Why Genesis 2:24 Is Not Trying To Defend a Certain God-Ordained Picture of Marriage

9780802827562_p0_v1_s260x420Everyone knows Genesis 2:24 –

This is the reason that a man leaves his father and mother and embraces his wife, and they become one flesh.

It’s cited widely elsewhere in the Bible – in all three of the synoptic gospel’s portrayals of Jesus’ divorce teachings, in 1 Corinthians 6 and in Ephesians 5. And it’s lately become the crux in what I call the template argument, in which this verse provides the proof that God designed marriage to be between one man and one woman.

This verse came back to my attention while reading the short – though quite dense – book The Septuagint, Sexuality and the New Testament by William Loader, professor of New Testament at Murdoch University in Perth, Australia. Loader is looking for ways in which the Septuagint translators changed the Hebrew text of certain Old Testament passages dealing with sexuality, and how those changes influenced the arguments of Greco-Roman Jews relying on the Septuagint, particularly Philo of Alexandria and Paul of Tarsus.

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It’s OK to Be Gay – How Science, the Bible and the Love of God Convinced Me To Affirm Same-Sex Relationships

20130614-012013.jpgIn the end, it just hit me.

A single sentence, in an article not even about homosexuality or theology, not about Leviticus 18 or Romans 1, not about the Boy Scouts or the Southern Baptists.

In the end, what got me was a New Republic article by the magazine’s science editor, Judith Shulevitz.

“The Lethality of Loneliness” describes how psychobiologists “have proved that long-lasting loneliness not only makes you sick; it can kill you.” Loneliness is defined as “want of intimacy.”

The story is fascinating and well worth reading. Shulevitz reports that scientists rank emotional isolation as highly as smoking among risk factors for mortality, and those most likely to feel emotionally isolated are those who are most rejected – as Shulevitz puts it, “The outsiders: not just the elderly, but also the poor, the bullied, the different” (emphasis hers). The lonely experience higher levels of stress, which injects the hormone cortisol into the bloodstream, the chronic overdosing of which leads to numerous maladies, the most serious being heart disease.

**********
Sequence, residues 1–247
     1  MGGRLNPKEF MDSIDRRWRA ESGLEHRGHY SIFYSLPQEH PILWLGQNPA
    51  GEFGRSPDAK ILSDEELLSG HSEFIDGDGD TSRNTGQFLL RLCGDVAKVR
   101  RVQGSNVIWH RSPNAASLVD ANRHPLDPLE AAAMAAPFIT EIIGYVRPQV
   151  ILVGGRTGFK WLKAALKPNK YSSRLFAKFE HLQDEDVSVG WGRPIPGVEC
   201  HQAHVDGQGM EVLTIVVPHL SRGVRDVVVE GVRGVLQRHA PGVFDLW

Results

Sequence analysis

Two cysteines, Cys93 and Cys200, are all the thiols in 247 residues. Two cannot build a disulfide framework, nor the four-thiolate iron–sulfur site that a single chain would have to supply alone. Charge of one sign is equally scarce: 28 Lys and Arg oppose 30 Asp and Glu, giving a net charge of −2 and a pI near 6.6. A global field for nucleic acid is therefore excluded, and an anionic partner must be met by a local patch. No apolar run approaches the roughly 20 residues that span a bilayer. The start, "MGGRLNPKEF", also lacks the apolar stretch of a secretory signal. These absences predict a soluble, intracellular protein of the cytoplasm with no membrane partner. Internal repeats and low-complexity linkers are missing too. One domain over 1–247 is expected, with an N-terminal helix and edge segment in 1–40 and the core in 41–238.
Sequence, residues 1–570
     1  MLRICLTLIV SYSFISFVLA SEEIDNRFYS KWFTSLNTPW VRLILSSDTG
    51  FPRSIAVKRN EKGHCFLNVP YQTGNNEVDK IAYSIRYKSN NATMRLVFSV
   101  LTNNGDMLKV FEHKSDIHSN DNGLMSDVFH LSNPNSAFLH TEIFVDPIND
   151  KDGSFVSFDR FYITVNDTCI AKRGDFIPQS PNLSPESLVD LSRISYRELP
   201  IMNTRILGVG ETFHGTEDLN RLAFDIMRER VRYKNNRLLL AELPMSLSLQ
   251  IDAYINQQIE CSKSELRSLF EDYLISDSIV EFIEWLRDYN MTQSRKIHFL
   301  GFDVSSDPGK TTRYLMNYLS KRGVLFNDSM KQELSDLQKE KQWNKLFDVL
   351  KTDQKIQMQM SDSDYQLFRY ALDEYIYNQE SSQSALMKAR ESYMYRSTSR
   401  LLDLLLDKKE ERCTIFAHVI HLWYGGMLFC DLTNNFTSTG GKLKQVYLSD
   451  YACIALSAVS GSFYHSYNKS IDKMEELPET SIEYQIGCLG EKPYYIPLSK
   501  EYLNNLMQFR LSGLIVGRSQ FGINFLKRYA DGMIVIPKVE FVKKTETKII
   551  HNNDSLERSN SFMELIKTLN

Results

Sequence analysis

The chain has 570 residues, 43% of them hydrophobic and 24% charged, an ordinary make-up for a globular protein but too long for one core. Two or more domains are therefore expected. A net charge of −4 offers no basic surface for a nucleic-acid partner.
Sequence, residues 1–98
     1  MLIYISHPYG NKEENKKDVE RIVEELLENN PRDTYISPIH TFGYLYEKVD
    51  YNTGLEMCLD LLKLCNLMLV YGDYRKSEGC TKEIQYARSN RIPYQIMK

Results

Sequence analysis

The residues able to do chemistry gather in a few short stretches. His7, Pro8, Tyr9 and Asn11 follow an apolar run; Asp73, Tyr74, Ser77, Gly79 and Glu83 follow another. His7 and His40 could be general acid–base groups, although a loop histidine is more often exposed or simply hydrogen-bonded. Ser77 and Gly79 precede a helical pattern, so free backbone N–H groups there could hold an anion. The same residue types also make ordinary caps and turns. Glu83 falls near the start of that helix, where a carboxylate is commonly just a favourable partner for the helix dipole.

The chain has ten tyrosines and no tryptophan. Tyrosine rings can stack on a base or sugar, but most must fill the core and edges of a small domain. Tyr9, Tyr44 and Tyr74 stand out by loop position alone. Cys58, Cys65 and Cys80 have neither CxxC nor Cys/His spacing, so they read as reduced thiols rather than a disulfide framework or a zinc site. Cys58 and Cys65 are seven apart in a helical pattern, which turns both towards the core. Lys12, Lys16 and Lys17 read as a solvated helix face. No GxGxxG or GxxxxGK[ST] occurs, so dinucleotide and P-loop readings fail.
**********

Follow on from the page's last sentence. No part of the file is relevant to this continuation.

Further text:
Since those who are rejected feel lonely more often, we shouldn’t be surprised that some of the biggest studies into loneliness have occurred among those who are gay. Scientists studying HIV-infected gay men in the 1980s discovered this incredible fact: “The social experience that most reliably predicted whether an HIV-positive gay man would die quickly … was whether or not he was in the closet.”

Closeted men were more sensitive to rejection, more fearful of being outed, and therefore less intimate with those around them. Their lives were more stressful, and stress hormones feed the AIDS virus. And then came the sentence that stopped me cold:

[Researcher Steven] Cole mulled these results over for a long time, but couldn’t understand why we would have been built in such a way that loneliness would interfere with our ability to fend off disease: “Did God want us to die when we got stressed?”

The answer is no. What He wanted is for us not to be alone.

And there it is. Is it really that simple?

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Class, Day 1 – Origen: Your God Is Absurd

origenFollowing is a summary of a lecture given yesterday by my professor in Patristic and Medieval Theology.

To understand Origen of Alexandria – or Gregory of Nyssa or almost any other Greek-speaking early church father – you have to understand the concept of theoprepes. Plato introduced the concept of theoprepes when he went after Homer’s depictions of the gods. Because the gods/god are/is the ultimate Good, Plato has a big problem with the way Homer makes them act, but because Homer’s poetry is foundational for Greek culture, Plato can’t just dismiss it outright.

So he metaphorizes it. He maintains the truth of the moral lessons but rejects the historicity of the depiction, which he considered blasphemous because the gods did not act in a fitting manner. And that is theoprepes, the concept of what is fitting for the divine.

Origen is faced with a similar dilemma.

He believes in the inspiration of Scripture, which for him writing about 200 C.E. is still just the Old Testament, but he recoils at the anthropomorphism of God found there. And with good reason, from his perspective. When Celsus writes the criticism of Christianity to which Origen responds in Against Celsus, one of his prime concerns is the anthropomorphism of God – it’s just not fitting, in Greek thought, for God to act this way, and a literal reading of Scripture was a huge stumbling block to those educated Greeks to whom Origen was reaching out.

Not only that, he finds numerous places where the text contradicts itself or describes absurdities. So he argues for a metaphorical-allegorical reading of those pieces of scripture where theopedes is violated. Continue reading

Before the First Day of Creation